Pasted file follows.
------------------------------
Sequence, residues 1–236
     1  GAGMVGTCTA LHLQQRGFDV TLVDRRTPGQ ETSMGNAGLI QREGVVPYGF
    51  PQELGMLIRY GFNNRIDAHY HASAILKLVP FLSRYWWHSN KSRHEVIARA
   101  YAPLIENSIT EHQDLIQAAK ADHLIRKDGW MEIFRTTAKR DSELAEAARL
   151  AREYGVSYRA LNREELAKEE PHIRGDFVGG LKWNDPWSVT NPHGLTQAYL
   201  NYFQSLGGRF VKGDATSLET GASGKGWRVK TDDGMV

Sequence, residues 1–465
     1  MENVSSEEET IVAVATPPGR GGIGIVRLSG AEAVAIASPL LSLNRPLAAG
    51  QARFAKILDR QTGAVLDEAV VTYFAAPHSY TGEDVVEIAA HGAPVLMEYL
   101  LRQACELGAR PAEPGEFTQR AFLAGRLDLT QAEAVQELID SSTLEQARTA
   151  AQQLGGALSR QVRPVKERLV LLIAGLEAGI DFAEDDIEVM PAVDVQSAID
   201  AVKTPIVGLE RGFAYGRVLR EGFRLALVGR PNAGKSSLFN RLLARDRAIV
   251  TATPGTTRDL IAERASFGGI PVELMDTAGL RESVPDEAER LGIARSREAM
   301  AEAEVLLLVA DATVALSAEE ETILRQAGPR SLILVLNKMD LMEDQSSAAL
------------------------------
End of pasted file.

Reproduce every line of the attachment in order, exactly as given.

Sequence, residues 1–236
     1  GAGMVGTCTA LHLQQRGFDV TLVDRRTPGQ ETSMGNAGLI QREGVVPYGF
    51  PQELGMLIRY GFNNRIDAHY HASAILKLVP FLSRYWWHSN KSRHEVIARA
   101  YAPLIENSIT EHQDLIQAAK ADHLIRKDGW MEIFRTTAKR DSELAEAARL
   151  AREYGVSYRA LNREELAKEE PHIRGDFVGG LKWNDPWSVT NPHGLTQAYL
   201  NYFQSLGGRF VKGDATSLET GASGKGWRVK TDDGMV

Sequence, residues 1–465
     1  MENVSSEEET IVAVATPPGR GGIGIVRLSG AEAVAIASPL LSLNRPLAAG
    51  QARFAKILDR QTGAVLDEAV VTYFAAPHSY TGEDVVEIAA HGAPVLMEYL
   101  LRQACELGAR PAEPGEFTQR AFLAGRLDLT QAEAVQELID SSTLEQARTA
   151  AQQLGGALSR QVRPVKERLV LLIAGLEAGI DFAEDDIEVM PAVDVQSAID
   201  AVKTPIVGLE RGFAYGRVLR EGFRLALVGR PNAGKSSLFN RLLARDRAIV
   251  TATPGTTRDL IAERASFGGI PVELMDTAGL RESVPDEAER LGIARSREAM
   301  AEAEVLLLVA DATVALSAEE ETILRQAGPR SLILVLNKMD LMEDQSSAAL